I had recorded my journey using pen and paper.  Not longer after “re-entry” when my trip was over, I looked over the water-spattered and smudged pages.  I noticed my entries were sometimes lacking detail and somewhat sketchy.  So, I decided I would do a complete revision of my journal, before the “little gray cells” lost their grip on the memories.

Here’s what I did.

First, I got a headquarters; a place I would go at least one or two days a week to get comfortable, grab some coffee, and have space to write in.  I chose a Dunkin’ Donuts.  I would camp out there about one or two hours, coffee and donuts at hand, and with a fresh, new notebook, I would transcribe my old journal into the new one.  At first this felt awkward.  But, then things began cranking along and I was remembering things I had forgotten which happened to me on the trail, and I also discovered that as I rewrote paragraphs I was expanding them, which made them more memorable and made for richer reading.

Next, I said I did the work by hand — yes, longhand!  That slowed my brain down and gave ample time for the memories to sort of re-process and for forgotten episodes to be remembered.  This was exciting and engaging.  It felt like I was reliving the trail adventure, which I was, but in a way I had not anticipated.  I used a pen and paper, not a laptop, so I could spend the time I needed to make the memories indelible in a way only handwriting can do.

The entire process took about three months, and I ended up with more than a record, more than a journal.  I created a keepsake that will be part of my legacy, and will have my own personal stamp of effort on it.

I suggest you try it.  Nothing will make your re-entry from the trail to daily life more meaningful, and process the experience at the same time, than revisiting those glory days on the trail in this way.

Try it and see!

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Filed under Adventure, Appalachian Trail, Backpacking, Hiking, journaling, Journey, Long distance backpacking, Writing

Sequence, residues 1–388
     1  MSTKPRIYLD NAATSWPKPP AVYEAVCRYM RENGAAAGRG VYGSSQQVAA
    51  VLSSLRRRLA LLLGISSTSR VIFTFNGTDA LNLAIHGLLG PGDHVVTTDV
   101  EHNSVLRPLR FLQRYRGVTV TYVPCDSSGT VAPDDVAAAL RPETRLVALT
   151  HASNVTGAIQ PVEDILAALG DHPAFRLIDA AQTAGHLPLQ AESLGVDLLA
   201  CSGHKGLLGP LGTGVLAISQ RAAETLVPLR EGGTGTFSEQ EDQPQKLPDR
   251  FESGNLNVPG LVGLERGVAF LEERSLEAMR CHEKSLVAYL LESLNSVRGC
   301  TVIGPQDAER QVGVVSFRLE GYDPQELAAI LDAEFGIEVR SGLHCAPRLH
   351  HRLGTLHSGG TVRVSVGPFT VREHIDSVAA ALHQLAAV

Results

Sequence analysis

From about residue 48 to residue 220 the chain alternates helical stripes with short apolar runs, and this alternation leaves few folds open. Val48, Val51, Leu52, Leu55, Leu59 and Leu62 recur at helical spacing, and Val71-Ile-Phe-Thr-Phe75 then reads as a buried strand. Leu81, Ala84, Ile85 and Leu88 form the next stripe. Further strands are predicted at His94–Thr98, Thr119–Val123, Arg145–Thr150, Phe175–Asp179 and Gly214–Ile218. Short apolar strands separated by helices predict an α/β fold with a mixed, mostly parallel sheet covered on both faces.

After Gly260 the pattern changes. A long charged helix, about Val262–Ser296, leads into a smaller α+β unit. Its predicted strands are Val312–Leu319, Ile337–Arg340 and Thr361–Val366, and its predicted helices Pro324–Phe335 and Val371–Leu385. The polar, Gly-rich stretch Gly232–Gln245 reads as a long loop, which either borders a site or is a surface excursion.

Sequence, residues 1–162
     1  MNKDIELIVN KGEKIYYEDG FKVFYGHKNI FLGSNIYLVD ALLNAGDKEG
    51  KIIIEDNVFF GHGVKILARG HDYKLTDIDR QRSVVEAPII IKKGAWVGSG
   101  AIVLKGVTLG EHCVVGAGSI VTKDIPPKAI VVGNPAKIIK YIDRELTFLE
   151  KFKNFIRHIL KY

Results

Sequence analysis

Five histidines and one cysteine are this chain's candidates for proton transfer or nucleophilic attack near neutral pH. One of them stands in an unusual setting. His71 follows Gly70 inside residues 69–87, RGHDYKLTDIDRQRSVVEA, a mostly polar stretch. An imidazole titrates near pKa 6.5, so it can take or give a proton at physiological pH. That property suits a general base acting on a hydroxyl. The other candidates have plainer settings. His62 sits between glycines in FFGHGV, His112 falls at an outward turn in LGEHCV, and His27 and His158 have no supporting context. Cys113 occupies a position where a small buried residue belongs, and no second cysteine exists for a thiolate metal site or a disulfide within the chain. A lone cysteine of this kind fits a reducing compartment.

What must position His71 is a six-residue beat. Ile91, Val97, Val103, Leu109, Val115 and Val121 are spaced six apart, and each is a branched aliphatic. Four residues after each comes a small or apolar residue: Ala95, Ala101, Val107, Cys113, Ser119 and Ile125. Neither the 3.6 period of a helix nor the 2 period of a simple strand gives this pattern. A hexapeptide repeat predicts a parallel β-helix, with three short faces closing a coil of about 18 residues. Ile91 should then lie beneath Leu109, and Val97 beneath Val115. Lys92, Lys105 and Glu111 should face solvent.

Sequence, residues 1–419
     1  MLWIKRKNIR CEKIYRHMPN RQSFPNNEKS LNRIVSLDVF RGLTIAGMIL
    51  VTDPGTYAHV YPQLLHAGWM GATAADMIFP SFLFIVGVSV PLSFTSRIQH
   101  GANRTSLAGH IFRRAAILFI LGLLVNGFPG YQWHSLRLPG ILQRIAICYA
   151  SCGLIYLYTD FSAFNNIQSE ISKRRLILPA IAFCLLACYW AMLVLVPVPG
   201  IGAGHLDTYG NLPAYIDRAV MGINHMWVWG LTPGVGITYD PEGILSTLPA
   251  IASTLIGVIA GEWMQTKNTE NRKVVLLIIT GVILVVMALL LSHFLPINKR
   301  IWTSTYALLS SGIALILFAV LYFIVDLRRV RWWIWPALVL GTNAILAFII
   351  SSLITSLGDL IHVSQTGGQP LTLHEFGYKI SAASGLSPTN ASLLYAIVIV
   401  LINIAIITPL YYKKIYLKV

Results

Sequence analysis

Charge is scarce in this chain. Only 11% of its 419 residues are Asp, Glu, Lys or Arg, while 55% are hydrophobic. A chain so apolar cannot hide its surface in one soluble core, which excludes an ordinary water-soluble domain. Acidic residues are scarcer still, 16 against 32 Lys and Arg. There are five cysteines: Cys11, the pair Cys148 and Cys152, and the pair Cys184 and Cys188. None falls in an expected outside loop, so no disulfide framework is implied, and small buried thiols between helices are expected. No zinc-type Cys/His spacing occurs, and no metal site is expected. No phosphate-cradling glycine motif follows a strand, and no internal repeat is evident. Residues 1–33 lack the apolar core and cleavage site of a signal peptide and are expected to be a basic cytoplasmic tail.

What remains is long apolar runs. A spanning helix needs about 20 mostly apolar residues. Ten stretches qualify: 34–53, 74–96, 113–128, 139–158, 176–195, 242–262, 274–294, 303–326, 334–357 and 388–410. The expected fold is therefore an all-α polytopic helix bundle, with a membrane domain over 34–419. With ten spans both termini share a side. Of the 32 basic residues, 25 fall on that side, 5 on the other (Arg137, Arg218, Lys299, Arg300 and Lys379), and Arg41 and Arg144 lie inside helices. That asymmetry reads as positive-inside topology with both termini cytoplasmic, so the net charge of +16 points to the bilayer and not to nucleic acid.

Hello Autumn!

Steve Zigler unveils the wonder of the Great Smoky Mountains at the turn of the season!

Steve Zigler Photography

Hello Autumn!

It finally happened! It doesn’t feel like it, it doesn’t look like it, but Autumn finally began today. The autumnal equinox in technical parlance. My favorite season in Steve parlance. And just this week, the first traces of autumn began to appear in my back yard. Not much yet really, but a few leaves bear the signs of seasonal change.

Not finding much Autumn in my back yard, I went looking for signs of my favorite season with my buddies Richard and Brian at the Foothills Parkway this morning. We didn’t find it there either. It was warm, downright balmy even. No Autumn at Foothills. Rats! However, on a more positive note, we found a nice layer of fog blanketing the valley. It was like Summer had pulled the covers up to its neck in an effort to keep out the change of season. Nice try, Summer!

It…

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Filed under Adventure, Appalachian Trail, Backpacking, Camping, Great Smoky Mountains, Hiking, Living, Long distance backpacking, nature, outdoors

Backpacking Snacks that Will Keep You Satisfied & Fueled

Sound nutritional advice from the Bostonblogger on how to fuel your hiking and backpacking adventures!

the avid adventurer

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Considerations While Planning Backpacking Meals